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Tidbits: Lean Cuisine, Heinz ketchup

  • Article by: AL SICHERMAN
  • Star Tribune
  • August 21, 2013 - 11:49 AM

’Tisn’t a gift

The Honestly Good frozen dinners from Lean Cuisine that Mr. Tidbit mentioned last week are part of a much larger wave of grocery products and product lines with names that suggest simplicity. Mr. Tidbit thought he had discussed this matter before, but he can find no evidence to support that belief. So here’s a quick glance:

There is apparently no better way to convey an absence of high-fructose corn syrup than to call your product “simple” or “simply.” (“Honest” or “honestly” is a way-distant second.) In most cases “simple” or “simply” also means no artificial colors or flavors, no preservatives and probably no ingredients recognizable only to a chemist.

Mr. Tidbit undertook to prepare a list of such products (generated, he must admit, not by tirelessly roaming supermarket aisles, but simply by searching for “simple” and “simply” at a supermarket website).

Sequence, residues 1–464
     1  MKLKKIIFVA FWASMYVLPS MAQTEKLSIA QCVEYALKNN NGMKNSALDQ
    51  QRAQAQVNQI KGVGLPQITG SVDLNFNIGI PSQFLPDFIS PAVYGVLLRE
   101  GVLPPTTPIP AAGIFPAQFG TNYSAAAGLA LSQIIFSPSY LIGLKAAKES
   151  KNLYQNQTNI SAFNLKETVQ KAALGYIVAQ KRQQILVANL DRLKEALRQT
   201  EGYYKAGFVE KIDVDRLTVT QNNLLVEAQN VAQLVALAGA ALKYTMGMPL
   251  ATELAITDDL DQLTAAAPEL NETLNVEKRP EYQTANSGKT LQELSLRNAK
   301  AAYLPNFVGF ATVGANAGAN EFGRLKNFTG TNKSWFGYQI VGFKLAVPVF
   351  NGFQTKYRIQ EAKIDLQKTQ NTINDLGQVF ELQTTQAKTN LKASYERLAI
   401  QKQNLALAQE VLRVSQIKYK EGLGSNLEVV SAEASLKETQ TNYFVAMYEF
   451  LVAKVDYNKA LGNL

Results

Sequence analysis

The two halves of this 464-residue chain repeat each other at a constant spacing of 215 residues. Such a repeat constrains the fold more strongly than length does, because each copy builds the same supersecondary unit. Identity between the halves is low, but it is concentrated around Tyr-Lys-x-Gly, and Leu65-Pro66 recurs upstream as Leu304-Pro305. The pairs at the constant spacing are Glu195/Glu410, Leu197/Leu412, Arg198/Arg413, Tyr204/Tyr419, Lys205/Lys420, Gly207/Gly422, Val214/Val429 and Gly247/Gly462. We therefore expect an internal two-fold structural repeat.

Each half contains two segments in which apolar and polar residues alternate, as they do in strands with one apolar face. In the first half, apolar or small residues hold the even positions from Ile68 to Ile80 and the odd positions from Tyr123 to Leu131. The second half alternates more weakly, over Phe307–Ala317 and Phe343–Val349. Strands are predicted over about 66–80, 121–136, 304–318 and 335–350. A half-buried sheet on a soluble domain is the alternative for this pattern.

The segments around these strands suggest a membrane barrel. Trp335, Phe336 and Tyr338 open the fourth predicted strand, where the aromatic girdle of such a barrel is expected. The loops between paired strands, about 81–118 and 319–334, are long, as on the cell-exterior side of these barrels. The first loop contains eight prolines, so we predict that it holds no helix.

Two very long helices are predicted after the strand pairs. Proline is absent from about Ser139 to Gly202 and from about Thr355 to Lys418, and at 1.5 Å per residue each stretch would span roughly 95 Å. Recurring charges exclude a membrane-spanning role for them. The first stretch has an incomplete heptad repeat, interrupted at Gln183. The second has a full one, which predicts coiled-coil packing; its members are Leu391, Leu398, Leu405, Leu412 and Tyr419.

Along with the name of the product is its claim to simplicity, either expressly made on packaging or website, or inferred from the ingredients statement:

Duncan Hines Simple Mornings muffin mixes: “Nothing artificial, no trans-fat”; contains sugar, not high-fructose corn syrup (HFCS).

Simply Heinz ketchup: sugar, not HFCS.

Smucker’s Simply Fruit fruit spreads: These are hard to distinguish from Smucker’s Natural fruit spreads, but in any case, no HFCS.

Lots of Simply juices and juice drinks, such as Simply Orange Juice, Simply Lemonade, etc.: “All natural,” not from concentrate, no preservatives, no HFCS. (Mr. Tidbit notes that they come from the Simply Orange Juice Co., which is simply Minute Maid, which is simply Coca-Cola.)

Yoplait Simply Go-Gurt: “No high fructose corn syrup or artificial sweeteners, artificial colors or flavors.”

A host of Simply … (the name kind of trails off there), refrigerated dough products from Pillsbury. Buttermilk biscuits, Rustic French bread and two kinds of cookies, all with no HFCS, no artificial colors or flavors.

Keebler’s Simply Made cookies: “The same simple ingredients that you’d find in your pantry.” No HFCS. (Not to be confused with Keebler’s long-standing Simply Sandies cookies, which are, simply, Pecan Sandies without the pecans.)

There are many, many more. When Mr. Tidbit foolishly started to compile the list, he simply had no idea.

Al Sicherman

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